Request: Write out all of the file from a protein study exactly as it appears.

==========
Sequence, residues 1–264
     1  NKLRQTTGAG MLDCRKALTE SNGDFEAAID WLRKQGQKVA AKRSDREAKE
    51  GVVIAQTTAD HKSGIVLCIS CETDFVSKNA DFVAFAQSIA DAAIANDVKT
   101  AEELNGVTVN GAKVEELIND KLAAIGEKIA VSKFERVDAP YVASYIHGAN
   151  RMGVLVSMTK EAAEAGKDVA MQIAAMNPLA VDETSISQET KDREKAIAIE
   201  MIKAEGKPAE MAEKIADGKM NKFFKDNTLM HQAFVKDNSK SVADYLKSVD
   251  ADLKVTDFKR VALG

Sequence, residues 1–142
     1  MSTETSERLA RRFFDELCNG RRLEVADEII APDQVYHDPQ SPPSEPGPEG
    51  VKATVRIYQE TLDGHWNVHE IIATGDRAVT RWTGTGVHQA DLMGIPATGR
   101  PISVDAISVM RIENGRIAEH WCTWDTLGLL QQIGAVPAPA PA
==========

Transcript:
Sequence, residues 1–264
     1  NKLRQTTGAG MLDCRKALTE SNGDFEAAID WLRKQGQKVA AKRSDREAKE
    51  GVVIAQTTAD HKSGIVLCIS CETDFVSKNA DFVAFAQSIA DAAIANDVKT
   101  AEELNGVTVN GAKVEELIND KLAAIGEKIA VSKFERVDAP YVASYIHGAN
   151  RMGVLVSMTK EAAEAGKDVA MQIAAMNPLA VDETSISQET KDREKAIAIE
   201  MIKAEGKPAE MAEKIADGKM NKFFKDNTLM HQAFVKDNSK SVADYLKSVD
   251  ADLKVTDFKR VALG

Sequence, residues 1–142
     1  MSTETSERLA RRFFDELCNG RRLEVADEII APDQVYHDPQ SPPSEPGPEG
    51  VKATVRIYQE TLDGHWNVHE IIATGDRAVT RWTGTGVHQA DLMGIPATGR
   101  PISVDAISVM RIENGRIAEH WCTWDTLGLL QQIGAVPAPA PA